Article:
Katherine StrousThe Chinese Visa Office: Fun With Kids?

Walking the Former French Concession with Kids

Katherine Strous Expat Life, Kids, Traveling, Wordschooling 2 Comments

We just had a long lazy brunch at a friend’s house. It was nearing nap time for our middle child. Melt downs were happening.

“Maybe we should just go home?” My husband said.

“No,” I said, “It will be fun. She can sleep in the taxi.” Though I was seriously doubting if it was a good idea. But one thing I have learned from the last 4+ years of being a Mom is that sticking to schedules and naps times can mean never leaving the house and kids are more flexible than we often give them credit for.

So we all hopped into a taxi and surely enough my 2-year old fell promptly asleep. I directed the taxi to take us to the famous Ferguson street in the Former French Concession area (FFC). My husband lifted Miss A onto his shoulders where she kept sleeping and we started walking around. The Former French Concession area is one of the most beautiful and green parts of Shanghai. It was once home to the bulk of Shanghai’s adventurers, revolutionaries, gangsters, and writers (according to the Lonely Planet). And it is still one of the hippest parts of Shanghai.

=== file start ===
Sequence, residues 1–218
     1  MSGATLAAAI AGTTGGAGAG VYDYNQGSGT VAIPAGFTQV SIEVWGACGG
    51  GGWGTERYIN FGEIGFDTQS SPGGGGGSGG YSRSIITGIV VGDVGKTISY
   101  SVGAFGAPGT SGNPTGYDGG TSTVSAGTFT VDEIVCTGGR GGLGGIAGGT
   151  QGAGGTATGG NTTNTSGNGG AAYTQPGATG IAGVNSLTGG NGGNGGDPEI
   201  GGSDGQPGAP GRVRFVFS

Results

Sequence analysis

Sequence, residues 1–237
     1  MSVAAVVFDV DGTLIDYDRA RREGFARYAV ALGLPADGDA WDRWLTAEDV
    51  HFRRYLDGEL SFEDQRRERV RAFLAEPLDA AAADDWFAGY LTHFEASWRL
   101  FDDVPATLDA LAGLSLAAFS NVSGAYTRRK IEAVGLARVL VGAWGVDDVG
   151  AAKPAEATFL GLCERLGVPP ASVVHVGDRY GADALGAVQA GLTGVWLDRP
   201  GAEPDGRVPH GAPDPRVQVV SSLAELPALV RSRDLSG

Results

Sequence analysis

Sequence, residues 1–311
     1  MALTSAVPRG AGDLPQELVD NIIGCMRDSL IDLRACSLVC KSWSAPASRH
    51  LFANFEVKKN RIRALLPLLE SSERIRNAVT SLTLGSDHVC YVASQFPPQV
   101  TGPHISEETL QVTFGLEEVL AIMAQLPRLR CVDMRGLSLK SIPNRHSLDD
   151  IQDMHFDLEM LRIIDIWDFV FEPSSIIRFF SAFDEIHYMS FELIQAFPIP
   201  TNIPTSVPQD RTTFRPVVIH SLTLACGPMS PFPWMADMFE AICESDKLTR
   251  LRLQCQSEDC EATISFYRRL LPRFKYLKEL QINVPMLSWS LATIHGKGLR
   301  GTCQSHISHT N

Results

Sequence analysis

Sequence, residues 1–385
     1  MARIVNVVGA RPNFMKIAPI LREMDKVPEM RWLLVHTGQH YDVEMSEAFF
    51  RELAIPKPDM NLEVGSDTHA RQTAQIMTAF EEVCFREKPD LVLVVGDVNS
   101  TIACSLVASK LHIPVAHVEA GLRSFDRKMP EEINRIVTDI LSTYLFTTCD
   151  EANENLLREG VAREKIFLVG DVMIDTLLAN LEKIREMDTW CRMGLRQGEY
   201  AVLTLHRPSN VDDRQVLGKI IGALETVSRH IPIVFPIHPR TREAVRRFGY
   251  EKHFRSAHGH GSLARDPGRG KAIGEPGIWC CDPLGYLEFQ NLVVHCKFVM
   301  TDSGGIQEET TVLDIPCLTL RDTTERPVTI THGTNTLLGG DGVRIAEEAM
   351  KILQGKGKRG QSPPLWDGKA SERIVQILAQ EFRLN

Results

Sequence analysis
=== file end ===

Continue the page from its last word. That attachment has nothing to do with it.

Carrying Sleeping Toddler

It is not the first place one would put as a top kid’s destination in Shanghai but I think they enjoyed exploring the area as much as we did. Though we find it key to let the kids set the pace and to let them explore what they find interesting. Which is how we spent a good half hour or so watching a bridal party have pictures taken, but our daughters loved it and they refused to leave until the bride was driven away in her smart Rolls Royce.

Ferguson street is cool. Very hip with good restaurants and art galleries. After our brunch we were not very hungry and, to be honest, we are not very hip. With three small kids we are like a constant moving tornado of energy, which, in the nice interiors of trendy cafes and restaurants, makes me nervous we are going to destroy something. So we tend to like places where dirty children (and parents) can run around and feel at ease. I will say the FFC seems to have a lot of low-key but funky cafes hidden away in its leafy streets.

So we started walking down the leafy streets of the Concession area. We headed up Wukang Street, which is a great part of the FFC. Beautiful old houses and lots of small cozy shops and boutiques. We hadn’t walk too far when it became apparent that Miss A was becoming uncomfortable to keep carrying. Luckily we came across the cafe, Le Salon du Chocolat.